|Dev Patel, Anil Kapoor, Saurabh Shukla, Freida Pinto, Irfan Khan, Madhur Mittal
|December 18, 2008
When Slumdog Millionaire screened at the 2008 Toronto Film Festival, it received a standing ovation. It came as no surprise when it won the People’s Choice Award for best movie. Given that Toronto is the biggest film festival in the world, this is a huge honour. Previous winners at Toronto have included Hotel Rwanda, Whale Rider, Amelie and American Beauty. Most Oscar bloggers have declared Slumdog as a “shoe in” for a best picture nomination at next year’s Academy Awards.
As I sit at my computer, I’m telling myself to trust my gut instinct. Don’t bow to public pressure. I have to be honest and say that while I enjoyed the film, I found it overrated. It reminds me of the thoughts I had for the much loved Little Miss Sunshine two years ago. I was certainly in the minority by declaring it “good but not great.”
When Slumdog Millionaire begins, we see teenager Jamal Malik (Patel) sitting in the “hot seat” on the Indian equivalent of Who Wants To Be A Millionaire? He has just won 10 million rupees which is about $300,000 in Australian dollars. When he returns tomorrow night, he will tackle the final question and try to double that total.
The game show host, Prem Kumar (Kapoor), thinks that Jamal has been cheating. He can’t understand how a homeless kid from the slums of India could manage to know so much information. He wants Jamal exposed as a fraud and so he gets the local police involved. They forcibly take Jamal back to the police station and try to beat the information out of him.
The head Police Inspector (Khan) soon realises that Jamal is no con artist. When grilled about each question, we go on a flashback to find the part of Jamal’s life where he first learned the answer. There are some nice memories and some not-so-nice memories.
This makes up the crux of the movie and I like this method of storytelling. Instead of focusing on Jamal’s success on the show, we reflect back and find out what made him the person he is today. Simon Beaufoy’s (The Full Monty) screenplay touches on some of the social and economic problems within India. We also discover that the reason Jamal is on the show is to impress a girl. Her name is Latika (Pinto) and despite knowing each other for a long time, they seemed destined to be apart.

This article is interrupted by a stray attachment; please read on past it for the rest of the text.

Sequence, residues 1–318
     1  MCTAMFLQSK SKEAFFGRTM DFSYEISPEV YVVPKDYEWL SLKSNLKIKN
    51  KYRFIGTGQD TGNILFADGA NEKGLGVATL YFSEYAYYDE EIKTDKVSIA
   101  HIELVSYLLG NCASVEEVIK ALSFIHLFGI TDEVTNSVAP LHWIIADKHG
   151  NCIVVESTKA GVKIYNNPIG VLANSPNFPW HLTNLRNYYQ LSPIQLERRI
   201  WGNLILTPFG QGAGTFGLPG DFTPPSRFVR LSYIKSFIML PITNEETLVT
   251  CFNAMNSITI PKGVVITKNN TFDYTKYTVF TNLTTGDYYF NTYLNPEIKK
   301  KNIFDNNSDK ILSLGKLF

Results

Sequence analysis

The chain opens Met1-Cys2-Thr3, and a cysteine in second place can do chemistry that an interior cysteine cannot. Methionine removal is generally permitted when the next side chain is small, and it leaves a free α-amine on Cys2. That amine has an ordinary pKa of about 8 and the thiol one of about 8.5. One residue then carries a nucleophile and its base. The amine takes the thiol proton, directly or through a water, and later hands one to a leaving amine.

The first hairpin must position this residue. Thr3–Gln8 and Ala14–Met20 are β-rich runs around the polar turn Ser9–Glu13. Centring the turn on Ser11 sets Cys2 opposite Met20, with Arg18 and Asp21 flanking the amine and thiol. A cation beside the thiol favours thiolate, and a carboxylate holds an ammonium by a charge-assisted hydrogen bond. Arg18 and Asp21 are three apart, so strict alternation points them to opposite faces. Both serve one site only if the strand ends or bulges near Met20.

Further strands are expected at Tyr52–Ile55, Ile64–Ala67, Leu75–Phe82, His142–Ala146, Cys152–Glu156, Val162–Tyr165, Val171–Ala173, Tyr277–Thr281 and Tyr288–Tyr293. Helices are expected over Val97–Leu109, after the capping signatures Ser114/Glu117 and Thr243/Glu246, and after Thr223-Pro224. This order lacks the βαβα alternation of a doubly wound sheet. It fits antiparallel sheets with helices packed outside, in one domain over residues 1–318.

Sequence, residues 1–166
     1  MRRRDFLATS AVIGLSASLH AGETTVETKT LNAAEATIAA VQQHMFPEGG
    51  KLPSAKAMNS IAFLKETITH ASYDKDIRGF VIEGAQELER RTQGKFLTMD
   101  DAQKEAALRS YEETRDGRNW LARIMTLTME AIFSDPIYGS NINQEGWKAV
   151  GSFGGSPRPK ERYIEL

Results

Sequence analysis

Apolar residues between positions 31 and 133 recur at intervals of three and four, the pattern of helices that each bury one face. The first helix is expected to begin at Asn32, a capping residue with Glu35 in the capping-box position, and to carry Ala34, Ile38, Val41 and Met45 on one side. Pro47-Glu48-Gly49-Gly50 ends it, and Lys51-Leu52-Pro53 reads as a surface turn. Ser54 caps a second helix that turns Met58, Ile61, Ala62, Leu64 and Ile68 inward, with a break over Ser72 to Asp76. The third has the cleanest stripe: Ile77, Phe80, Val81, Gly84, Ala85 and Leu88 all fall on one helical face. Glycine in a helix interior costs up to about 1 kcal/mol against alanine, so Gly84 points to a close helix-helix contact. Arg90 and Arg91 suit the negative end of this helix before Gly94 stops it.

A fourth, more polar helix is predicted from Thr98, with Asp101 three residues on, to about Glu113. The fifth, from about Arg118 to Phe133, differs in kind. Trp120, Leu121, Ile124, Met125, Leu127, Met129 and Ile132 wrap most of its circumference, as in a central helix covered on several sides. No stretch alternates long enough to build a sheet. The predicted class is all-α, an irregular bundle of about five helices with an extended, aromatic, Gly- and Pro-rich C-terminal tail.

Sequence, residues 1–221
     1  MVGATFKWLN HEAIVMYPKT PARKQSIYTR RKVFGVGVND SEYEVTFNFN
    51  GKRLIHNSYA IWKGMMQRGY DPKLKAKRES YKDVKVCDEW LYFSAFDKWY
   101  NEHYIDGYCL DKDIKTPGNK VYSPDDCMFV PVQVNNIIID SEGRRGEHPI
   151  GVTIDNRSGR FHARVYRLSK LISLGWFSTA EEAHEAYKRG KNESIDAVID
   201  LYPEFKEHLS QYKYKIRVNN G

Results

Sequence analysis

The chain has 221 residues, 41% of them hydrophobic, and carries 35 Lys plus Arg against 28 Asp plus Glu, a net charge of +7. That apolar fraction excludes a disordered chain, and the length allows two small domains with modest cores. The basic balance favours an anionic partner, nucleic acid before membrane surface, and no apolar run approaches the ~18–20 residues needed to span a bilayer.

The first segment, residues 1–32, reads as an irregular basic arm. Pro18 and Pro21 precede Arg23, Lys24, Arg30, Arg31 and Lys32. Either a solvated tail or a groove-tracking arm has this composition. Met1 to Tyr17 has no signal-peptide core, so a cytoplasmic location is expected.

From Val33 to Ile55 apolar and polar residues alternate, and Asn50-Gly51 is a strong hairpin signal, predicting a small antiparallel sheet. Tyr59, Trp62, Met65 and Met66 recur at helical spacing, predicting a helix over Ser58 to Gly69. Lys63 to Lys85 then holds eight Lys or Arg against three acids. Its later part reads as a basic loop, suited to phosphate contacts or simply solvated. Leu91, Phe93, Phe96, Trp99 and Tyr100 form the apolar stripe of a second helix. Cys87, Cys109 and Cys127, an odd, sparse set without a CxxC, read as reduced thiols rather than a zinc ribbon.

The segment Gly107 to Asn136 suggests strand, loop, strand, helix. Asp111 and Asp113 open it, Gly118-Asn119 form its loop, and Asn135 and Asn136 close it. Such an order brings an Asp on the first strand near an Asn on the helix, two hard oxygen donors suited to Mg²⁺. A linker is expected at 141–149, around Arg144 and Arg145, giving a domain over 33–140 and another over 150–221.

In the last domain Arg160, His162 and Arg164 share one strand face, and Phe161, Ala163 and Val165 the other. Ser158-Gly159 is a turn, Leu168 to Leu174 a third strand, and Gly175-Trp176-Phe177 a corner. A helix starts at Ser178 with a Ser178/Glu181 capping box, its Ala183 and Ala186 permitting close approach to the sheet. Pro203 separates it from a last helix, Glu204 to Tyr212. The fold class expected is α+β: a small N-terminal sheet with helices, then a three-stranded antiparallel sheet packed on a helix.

I don’t know how to say this but the reason that I didn’t love this film (as others will) was because it felt a little weird. The current day Jamal is dull and despite all the flashbacks, I never really understood him. How did he have such strong feelings for Latika? I struggled to see the connection between them. I also wanted to know more about his young life – particularly the darker chapters. Certain events, such as his mother’s death, are not explored. I also took issue to the fate of Jamal’s brother and the way it is handled.
Now that I’ve vented my frustrations, I should finish on a positive given that this is still a film worth seeing. I liked the Indian backdrop and especially the work of cinematographer Anthony Mantle (28 Days Later, The Last King Of Scotland). I thought Anil Kapoor gave the best performance as the Who Wants To Be A Millionaire host. You’re never quite sure of his intentions and if there’s one thing I won’t forget about this movie, it’s the way he pronounces the word “millionaire.”
My thumbs are up for Slumdog Millionaire but unlike the audience at Toronto, I won’t be giving it a standing ovation.